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How to Search for and Claim an Unclaimed Balance





As careful as most people want to be with their money, there are occasions when money in the form of a cheque, savings account, GIC, money order, etc. could be forgotten. These funds may have been held at a Canadian bank but due to a variety of reasons such as illness, death, or simply, lack of proper organization, they could end up in the unclaimed pool.

Banks are required to notify the owner/client in writing after 2, 5, and 9 years of inactivity but despite such efforts, there are many accounts/instruments that go unclaimed. This post will look at how to check for and claim such funds, if applicable.

What is an Unclaimed Balance?

An unclaimed balance is a Canadian-dollar amount that is issued by or held at a Canadian bank or trust company. This balance could be in the form of a chequing account, savings account, money order, bank draft, certified cheque, GIC, etc. When a certain account is not active or the instrument in question not cashed for a period of 10 years, then the bank or company related to the account/instrument transfers the funds to the Bank of Canada, which acts as a custodian until the rightful owner comes to claim it within a certain time frame (see below for exact holding period).

However, there are certain accounts and instruments that do not qualify for an unclaimed balance. They include RRSP accounts, life insurance policies, accounts in non-Canadian currencies (including USD), credit union accounts, and safety deposit boxes.

How to Check for and Claim an Unclaimed Balance

To check. Please visit the link below, enter the name you think could have an unclaimed balance, and hit the Search button. You can restrict the search to a certain province/territory or search all of them. Please read the search help section on the same page to tailor your search better.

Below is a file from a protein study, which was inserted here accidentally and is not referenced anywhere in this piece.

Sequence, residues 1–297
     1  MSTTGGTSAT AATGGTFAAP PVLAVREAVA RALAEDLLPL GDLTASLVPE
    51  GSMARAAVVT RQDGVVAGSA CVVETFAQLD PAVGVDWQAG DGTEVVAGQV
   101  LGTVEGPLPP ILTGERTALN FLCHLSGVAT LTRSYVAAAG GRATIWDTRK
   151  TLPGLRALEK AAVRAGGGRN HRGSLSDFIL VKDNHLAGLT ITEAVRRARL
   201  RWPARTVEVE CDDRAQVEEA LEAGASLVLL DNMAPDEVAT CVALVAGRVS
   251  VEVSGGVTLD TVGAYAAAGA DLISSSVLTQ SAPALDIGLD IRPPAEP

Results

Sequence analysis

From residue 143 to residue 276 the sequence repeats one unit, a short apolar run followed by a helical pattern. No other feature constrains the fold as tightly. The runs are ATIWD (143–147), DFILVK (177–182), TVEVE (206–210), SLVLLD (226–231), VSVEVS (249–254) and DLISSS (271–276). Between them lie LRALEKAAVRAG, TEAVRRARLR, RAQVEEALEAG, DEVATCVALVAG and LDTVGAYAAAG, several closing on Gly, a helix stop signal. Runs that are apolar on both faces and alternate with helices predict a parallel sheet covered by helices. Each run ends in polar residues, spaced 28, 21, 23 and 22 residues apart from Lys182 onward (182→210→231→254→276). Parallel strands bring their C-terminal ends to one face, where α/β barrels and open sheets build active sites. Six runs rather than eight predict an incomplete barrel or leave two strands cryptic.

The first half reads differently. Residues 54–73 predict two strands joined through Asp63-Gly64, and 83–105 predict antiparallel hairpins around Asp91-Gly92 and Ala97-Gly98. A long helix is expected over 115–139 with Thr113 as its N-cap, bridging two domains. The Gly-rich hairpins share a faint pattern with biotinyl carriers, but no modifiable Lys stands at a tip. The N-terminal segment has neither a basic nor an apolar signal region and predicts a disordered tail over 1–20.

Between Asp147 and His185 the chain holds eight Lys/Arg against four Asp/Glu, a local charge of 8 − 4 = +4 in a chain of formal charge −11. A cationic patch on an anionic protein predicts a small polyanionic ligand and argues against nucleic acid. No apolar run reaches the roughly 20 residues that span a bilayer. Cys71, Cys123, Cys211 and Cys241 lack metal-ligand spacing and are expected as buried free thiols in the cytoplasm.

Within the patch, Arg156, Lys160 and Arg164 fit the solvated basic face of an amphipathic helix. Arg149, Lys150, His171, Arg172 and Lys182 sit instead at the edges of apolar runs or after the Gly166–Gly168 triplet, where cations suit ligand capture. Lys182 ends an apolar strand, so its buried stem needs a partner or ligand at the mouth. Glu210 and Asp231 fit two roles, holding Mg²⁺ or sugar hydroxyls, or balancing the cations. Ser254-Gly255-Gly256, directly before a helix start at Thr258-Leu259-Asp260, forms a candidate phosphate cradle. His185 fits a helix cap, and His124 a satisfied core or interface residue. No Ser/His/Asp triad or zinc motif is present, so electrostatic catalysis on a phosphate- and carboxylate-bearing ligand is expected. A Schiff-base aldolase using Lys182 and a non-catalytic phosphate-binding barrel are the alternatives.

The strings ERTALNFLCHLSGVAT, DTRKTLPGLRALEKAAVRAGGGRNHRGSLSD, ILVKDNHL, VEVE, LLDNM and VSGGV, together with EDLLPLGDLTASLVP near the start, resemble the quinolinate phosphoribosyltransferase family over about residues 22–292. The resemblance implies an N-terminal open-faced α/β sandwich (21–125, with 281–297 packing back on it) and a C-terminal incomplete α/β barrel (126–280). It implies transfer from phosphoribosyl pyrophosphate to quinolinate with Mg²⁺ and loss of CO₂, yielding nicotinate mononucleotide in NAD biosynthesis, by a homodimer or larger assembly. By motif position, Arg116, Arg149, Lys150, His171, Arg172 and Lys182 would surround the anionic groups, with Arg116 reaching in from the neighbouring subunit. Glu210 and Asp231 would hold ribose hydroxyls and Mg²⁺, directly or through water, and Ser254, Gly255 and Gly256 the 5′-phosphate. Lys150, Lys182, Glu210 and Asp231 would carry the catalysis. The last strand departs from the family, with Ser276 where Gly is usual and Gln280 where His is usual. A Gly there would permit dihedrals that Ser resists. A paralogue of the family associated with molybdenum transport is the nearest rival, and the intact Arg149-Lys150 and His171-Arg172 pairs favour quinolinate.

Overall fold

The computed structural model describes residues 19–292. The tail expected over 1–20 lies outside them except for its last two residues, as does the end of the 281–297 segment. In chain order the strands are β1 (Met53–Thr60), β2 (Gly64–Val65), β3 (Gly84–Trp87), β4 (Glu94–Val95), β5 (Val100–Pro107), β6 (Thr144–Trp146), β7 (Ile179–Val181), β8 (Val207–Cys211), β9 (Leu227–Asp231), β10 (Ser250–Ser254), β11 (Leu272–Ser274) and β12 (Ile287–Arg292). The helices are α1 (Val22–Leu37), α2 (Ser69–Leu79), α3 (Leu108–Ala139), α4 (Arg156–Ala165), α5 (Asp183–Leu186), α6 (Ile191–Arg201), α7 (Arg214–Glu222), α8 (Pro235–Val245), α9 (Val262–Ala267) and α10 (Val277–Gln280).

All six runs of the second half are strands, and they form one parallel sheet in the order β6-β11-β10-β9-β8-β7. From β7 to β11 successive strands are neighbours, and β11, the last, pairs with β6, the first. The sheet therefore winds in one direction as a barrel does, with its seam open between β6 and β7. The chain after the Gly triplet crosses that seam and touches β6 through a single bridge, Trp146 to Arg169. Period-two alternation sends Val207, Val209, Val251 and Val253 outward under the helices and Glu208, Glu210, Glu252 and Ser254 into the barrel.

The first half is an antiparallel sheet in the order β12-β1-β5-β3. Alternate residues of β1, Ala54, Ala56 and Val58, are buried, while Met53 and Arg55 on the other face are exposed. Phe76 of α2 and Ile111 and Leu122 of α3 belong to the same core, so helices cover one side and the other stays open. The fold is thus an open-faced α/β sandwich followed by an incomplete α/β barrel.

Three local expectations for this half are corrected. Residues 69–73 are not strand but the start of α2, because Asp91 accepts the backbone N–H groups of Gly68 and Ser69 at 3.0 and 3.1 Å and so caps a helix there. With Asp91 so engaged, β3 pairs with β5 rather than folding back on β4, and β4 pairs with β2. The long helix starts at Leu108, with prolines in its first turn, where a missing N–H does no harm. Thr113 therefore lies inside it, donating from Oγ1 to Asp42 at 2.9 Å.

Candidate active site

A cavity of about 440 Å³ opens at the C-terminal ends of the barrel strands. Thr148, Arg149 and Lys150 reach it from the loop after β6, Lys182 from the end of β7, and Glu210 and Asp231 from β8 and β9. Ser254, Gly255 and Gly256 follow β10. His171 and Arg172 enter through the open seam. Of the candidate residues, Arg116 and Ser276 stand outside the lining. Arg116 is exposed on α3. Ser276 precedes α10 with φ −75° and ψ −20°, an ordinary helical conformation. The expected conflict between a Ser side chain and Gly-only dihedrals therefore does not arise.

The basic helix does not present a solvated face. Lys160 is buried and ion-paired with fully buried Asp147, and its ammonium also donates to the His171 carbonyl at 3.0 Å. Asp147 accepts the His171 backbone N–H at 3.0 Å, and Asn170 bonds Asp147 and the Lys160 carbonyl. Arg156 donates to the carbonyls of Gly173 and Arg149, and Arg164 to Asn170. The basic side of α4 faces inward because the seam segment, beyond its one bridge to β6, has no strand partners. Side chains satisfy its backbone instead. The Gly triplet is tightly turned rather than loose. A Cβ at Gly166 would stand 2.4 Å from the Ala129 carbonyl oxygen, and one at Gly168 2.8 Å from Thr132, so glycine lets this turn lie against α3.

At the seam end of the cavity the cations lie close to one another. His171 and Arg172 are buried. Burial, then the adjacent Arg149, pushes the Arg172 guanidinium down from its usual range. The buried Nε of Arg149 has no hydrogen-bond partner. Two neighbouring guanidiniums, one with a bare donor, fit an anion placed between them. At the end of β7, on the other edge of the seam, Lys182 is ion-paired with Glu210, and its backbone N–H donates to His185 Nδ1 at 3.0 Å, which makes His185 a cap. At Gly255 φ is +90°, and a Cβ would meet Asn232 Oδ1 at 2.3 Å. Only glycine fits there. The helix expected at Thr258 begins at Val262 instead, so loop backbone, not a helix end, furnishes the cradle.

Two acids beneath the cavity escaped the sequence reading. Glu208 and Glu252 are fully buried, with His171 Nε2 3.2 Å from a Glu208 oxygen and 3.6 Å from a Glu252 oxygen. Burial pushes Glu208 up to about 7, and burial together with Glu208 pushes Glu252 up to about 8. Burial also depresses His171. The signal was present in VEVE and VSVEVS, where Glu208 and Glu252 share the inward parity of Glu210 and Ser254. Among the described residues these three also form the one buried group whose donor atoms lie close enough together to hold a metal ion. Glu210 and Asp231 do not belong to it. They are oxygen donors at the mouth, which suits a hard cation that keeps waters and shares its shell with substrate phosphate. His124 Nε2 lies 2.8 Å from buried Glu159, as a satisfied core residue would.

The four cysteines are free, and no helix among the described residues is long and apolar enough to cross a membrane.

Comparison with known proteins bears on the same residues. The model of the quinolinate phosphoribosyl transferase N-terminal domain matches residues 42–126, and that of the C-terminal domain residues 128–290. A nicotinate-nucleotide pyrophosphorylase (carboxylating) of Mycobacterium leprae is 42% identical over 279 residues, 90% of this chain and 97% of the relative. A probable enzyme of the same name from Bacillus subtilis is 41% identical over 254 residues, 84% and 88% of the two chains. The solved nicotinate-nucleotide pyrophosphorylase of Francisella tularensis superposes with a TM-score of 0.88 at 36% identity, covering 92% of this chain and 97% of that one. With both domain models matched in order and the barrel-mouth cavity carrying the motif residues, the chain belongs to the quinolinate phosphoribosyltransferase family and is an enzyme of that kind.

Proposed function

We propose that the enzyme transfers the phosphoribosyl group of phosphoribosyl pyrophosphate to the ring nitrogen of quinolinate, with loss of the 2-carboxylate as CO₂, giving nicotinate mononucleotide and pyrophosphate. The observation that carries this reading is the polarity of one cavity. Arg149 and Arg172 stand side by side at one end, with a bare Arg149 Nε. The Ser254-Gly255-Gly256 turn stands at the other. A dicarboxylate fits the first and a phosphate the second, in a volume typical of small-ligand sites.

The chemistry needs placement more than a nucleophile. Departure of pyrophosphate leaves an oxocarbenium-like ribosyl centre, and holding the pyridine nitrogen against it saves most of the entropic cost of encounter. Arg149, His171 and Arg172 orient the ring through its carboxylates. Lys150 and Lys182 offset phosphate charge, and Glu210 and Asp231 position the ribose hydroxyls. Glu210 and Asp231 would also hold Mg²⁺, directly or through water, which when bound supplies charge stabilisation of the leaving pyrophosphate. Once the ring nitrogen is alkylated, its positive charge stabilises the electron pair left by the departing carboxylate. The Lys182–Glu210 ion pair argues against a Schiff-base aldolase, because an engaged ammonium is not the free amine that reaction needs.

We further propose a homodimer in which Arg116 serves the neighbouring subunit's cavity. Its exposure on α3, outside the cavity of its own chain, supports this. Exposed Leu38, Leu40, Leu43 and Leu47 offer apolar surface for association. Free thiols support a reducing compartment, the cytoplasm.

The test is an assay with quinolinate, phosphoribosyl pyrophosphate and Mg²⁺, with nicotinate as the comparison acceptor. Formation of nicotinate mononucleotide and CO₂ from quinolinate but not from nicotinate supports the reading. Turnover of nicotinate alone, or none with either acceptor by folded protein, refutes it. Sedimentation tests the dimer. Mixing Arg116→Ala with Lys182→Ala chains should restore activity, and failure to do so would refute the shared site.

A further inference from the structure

Search for an Unclaimed Balance

To claim. If the above search shows a relevant result, then the next step would be to file a claim. Depending on the type of claim (i.e., as owner of an account, as heir to the estate of an owner, etc.), a claimant would have to follow the appropriate steps and provide the relevant supporting documentation. Please browse the link below for full details.

Claim an Unclaimed Balance

Some Other Details about the Process

The claim service is offered free of charge but there may be legal fees that could be incurred as part of the process.
The claims are processed within 30 to 60 days but estate claims could take longer.

After the account/amount is transferred to the Bank of Canada (after 10 years of inactivity), they act as custodian for 30 years to amounts less than $1000 and 100 years to amounts equaling $1000 or higher. Unclaimed balances beyond these respective custody periods are transferred to the Receiver General for Canada (becomes property of Canada).

There are private firms that find owners through the publicly-available database and offer to help the potential claimant in the claim process for a fee. It is worth doing due diligence to determine if the firm can offer something that the claimant cannot do on their own for free with a little time to spare.

Have you used the service offered by the Bank of Canada to claim a balance? If so, was it a smooth process or did you feel that you had to jump through hoops to get your hands on the money?

About the Author: Clark works in Saskatchewan and has been working to build his (DIY) investment portfolio, structured for an early retirement. He loves reading (and using the lessons learned) about personal finance, technology and minimalism. You can read his other articles here.





2 Comments, Comment or Ping

  1. I searched for unclaimed bank accounts for my immediate family, and ended up finding a bank account of my husbands that had $250 in it. Turns out his Aunt & Uncle (who have now passed) had opened up an account for him.. which he had no clue about! Unfortunately we need to go to their city to claim it… which is a 7hr drive from us, so we haven’t done it yet.

  2. 2. Not A Shark

    As a reply to Julie @ Freedom 48, unless you want to visit your husband’s relatives, you don’t have to attend in person to make a claim. It can be done via mail (registered mail works best and you should send only notarized copies of documents required, not the originals – it is the mail after all!).

    I work for a firm that assists people with claims of all types of unclaimed property (not just Bank of Canada) and we are tired of being portrayed as sharks. So, this advice is free and I won’t even identify the company. Julie’s case is a really good example of how professional help can be worthwhile – I wouldn’t drive 14 hours for $250!

    Best of luck Julie!

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